These goals are important because this richness and fullness for learning and living is what true disciples seek. Remember, if you understand all mysteries and all knowledge but have not love then you are nothing (v. 2). Without love, communication is ultimately meaningless (a noisy gong or a clanging cymbal, v. 1); your sacrifices, however great, gain nothing (v. 3). Therefore, learners show themselves to be Christ’s disciples by their love, which means they learn with the immediate goal of obedience and with the ever present ultimate goal of glorifying Christ.

To that end, let's consider the love fruit of kindness this morning. If we put these words together literally we can come up with a title for the message: loving-kindness. I have two main points: an explanation of loving-kindness and an exhortation to loving-kindness.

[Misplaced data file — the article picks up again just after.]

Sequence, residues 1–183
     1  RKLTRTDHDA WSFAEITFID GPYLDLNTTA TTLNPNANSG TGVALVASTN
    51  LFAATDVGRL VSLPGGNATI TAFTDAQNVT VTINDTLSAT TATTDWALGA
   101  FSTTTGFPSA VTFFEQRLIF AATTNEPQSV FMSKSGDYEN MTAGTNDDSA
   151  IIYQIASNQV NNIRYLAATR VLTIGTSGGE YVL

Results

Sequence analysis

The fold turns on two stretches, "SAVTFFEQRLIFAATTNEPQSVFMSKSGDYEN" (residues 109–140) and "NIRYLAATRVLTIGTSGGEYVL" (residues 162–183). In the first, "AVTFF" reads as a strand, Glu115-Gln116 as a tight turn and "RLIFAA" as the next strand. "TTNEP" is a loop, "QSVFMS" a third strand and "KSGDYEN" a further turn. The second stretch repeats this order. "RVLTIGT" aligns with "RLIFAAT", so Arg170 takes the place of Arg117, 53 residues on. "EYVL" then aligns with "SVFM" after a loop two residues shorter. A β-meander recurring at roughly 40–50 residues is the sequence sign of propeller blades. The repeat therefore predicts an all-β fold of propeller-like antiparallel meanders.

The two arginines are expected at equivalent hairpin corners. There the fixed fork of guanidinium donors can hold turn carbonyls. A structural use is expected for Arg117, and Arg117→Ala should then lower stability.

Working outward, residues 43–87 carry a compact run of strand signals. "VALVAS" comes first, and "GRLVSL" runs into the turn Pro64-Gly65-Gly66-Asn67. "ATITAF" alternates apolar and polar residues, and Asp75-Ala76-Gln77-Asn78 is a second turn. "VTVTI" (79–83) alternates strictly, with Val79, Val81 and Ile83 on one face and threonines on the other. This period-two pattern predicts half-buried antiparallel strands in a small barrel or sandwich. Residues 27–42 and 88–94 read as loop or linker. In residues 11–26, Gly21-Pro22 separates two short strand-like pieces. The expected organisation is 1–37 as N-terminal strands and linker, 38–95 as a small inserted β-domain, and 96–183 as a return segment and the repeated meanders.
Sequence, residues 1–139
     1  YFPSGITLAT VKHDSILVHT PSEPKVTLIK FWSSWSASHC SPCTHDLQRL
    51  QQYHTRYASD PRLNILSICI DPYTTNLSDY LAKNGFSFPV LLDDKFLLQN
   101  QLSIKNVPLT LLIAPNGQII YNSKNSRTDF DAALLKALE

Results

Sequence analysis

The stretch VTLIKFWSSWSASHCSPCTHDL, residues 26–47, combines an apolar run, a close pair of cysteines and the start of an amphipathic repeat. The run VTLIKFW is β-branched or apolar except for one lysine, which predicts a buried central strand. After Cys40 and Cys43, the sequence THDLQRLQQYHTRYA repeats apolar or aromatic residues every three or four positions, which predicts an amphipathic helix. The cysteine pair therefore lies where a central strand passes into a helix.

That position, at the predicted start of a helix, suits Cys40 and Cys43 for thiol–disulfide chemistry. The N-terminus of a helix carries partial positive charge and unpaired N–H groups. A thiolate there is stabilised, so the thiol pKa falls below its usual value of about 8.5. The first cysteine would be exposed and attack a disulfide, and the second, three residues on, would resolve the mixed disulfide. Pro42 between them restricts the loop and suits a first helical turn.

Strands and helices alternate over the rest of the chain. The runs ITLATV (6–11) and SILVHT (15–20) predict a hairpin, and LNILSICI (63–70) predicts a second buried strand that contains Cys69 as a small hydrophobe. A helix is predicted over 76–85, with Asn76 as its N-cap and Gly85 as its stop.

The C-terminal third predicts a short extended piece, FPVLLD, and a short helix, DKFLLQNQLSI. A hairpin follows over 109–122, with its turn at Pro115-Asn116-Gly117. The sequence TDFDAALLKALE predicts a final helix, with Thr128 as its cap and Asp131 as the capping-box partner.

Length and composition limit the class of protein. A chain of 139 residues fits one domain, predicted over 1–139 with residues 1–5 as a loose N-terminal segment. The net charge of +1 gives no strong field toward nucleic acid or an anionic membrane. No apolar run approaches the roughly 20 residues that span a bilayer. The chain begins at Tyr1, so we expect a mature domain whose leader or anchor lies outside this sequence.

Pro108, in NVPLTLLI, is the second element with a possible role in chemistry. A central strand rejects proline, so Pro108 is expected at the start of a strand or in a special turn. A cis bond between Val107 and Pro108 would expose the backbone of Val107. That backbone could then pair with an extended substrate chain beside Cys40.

1A. An Explanation of loving-kindness

So what is kindness? As a love fruit, what is the nature of loving-kindness? Three words will cue our answer: comparison, definition, and pattern.

1B. A comparison of kindness with patience as love fruits

When we unpack patience toward sinners and note that it means we do not retaliate in thought, word, or deed, we discover that instead of being harsh it involves being gentle and kind. So we ask, what is the difference between kindness and patience? The answer is that patience has the context of being injured particularly in mind, it is a reaction to the sins of others against us. And in this context, patience shows itself in kind thoughts (good will), kind words, and kind deeds despite the fact that someone has hurt us deeply. Kindness here is being viewed from the perspective of patience in the face of injury.